Beans are a staple food for nearly half a billion people.
For nearly half a billion people - most of them in Latin America and Africa - the humble bean, of which there are many varieties, is the main source of daily protein.
Amid fears that global warming could threaten this important food, bean breeders at CGIAR - a global group dedicated to increasing food security and human health - have created 30 new types of "heat-beater" beans.
Researchers at CGIAR had previously warned that rising global temperatures could threaten bean production in the Latin American countries of Nicaragua, Haiti, Brazil, and Honduras, while in Africa, Malawi and the Democratic Republic of the Congo would be the most vulnerable, followed by Tanzania, Uganda and Kenya.
Crosses with common beans and the heat-tolerant tepary bean
Many of the new heat-beater beans are crosses between commonly consumed types - such as pinto, white, black and kidney beans - and the heat-tolerant tepary bean, which has been grown as a staple since pre-Columbian times in what is now northern Mexico and the American southwest.
Steve Beebe, a senior CGIAR bean researcher based in Colombia, says:
"This discovery could be a big boon for bean production because we are facing a dire situation where, by 2050, global warming could reduce areas suitable for growing beans by 50%."
He explains that the heat-tolerant beans they tested may withstand the worst-case scenario - where greenhouse gas build-up leads to an average increase of global temperature of 4 degrees Celsius (about 7.2 degrees Fahrenheit).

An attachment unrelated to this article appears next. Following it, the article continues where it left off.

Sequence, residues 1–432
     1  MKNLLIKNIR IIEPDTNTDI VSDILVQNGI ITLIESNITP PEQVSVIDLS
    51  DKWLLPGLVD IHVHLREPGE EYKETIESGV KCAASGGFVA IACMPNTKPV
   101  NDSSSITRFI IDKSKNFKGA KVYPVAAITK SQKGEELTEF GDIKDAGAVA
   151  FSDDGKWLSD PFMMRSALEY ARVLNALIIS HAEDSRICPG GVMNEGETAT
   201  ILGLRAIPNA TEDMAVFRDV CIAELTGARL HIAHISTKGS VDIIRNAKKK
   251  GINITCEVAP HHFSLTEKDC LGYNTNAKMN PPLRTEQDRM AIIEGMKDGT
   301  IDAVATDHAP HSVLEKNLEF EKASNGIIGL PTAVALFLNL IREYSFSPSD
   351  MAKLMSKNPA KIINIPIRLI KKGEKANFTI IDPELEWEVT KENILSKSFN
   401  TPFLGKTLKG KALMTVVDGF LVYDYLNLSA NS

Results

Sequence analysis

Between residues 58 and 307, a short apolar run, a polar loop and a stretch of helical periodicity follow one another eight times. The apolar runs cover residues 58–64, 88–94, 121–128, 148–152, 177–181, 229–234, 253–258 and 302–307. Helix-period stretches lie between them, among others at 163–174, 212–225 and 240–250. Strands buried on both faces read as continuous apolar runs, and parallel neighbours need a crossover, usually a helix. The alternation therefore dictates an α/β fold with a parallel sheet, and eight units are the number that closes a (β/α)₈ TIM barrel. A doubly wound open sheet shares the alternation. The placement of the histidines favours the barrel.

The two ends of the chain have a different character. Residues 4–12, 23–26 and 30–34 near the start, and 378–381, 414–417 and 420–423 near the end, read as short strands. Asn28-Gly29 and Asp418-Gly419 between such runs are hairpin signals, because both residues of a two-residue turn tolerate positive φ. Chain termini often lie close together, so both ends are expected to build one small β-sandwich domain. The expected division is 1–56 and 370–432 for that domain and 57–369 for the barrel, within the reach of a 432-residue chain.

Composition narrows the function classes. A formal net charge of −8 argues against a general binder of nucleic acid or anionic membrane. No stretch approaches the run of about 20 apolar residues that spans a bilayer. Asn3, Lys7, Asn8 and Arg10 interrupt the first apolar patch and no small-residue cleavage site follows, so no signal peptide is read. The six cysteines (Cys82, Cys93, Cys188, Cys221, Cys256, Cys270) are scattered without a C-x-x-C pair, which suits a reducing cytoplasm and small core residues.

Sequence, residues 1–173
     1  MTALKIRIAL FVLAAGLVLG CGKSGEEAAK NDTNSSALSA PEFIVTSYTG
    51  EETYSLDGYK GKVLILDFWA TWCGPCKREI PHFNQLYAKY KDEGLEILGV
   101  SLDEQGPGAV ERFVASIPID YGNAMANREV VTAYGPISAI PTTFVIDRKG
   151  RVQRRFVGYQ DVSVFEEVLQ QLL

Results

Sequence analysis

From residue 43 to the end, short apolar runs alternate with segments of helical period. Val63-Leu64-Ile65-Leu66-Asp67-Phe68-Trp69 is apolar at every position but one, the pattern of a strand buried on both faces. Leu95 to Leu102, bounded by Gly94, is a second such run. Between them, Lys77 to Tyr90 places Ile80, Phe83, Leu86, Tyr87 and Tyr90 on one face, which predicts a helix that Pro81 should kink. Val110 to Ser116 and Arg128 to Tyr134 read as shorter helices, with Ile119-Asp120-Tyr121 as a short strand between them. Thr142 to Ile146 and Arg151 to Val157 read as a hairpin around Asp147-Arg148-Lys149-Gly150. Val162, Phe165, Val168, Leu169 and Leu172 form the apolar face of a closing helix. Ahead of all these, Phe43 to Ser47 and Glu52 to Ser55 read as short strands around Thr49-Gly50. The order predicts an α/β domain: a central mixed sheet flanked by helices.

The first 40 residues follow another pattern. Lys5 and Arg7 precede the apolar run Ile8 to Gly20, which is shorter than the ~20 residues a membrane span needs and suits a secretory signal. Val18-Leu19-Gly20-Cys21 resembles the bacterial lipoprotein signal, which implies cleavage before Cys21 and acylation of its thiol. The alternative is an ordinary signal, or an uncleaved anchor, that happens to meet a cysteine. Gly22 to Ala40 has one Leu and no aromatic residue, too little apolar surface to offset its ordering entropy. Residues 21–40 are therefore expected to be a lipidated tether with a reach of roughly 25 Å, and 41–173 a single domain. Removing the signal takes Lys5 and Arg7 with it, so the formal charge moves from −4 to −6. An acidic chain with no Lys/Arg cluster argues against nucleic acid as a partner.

"Even if they can only handle a 3-degree rise, that would still limit the bean production area lost to climate change to about 5%," he notes. "And farmers could potentially make up for that by using these beans to expand their production of the crop in countries like Nicaragua and Malawi, where beans are essential to survival."
As well as developing the beans to have increased heat tolerance, the researchers are breeding them to contain more iron to enhance their nutritional value.
Over 1,000 bean lines tested to find most heat-tolerant
The researchers tested more than 1,000 bean lines to find the best varieties to breed for heat-tolerance. They were already looking for beans that were tolerant to drought and poor soils.
They tested the beans at facilities on Colombia's Caribbean coast, where they deliberately exposed the legumes to nighttime temperatures well above those they would normally tolerate.
The beans are most vulnerable to rising temperatures at night, when pollination - which is very temperature sensitive - takes place.
Among the beans they found to be especially tolerant to heat was one recently brought into commercial production in Nicaragua because of its high drought tolerance.
In Costa Rica, tests with the new bean showed it produced double the normal crop yield. Beebe says they now have evidence that this increased yield was not just because of better drought tolerance but also due to heat tolerance:
"What this shows us is that heat may already be hurting bean production in Central America far more than we thought and farmers could benefit from adopting the new heat-beater beans right now."
Beans do not only provide much-needed protein and nutrients, they also have other health benefits.
For example, Medical News Today recently reported new research that showed a variety of black bean that is commonly consumed in Mexico may help lower blood pressure and also has antioxidant properties. The researchers, from the National School of Biological Sciences of the National Polytechnic Institute in Mexico, also found evidence that proteins in the Jamapa bean can remove heavy metals from the body.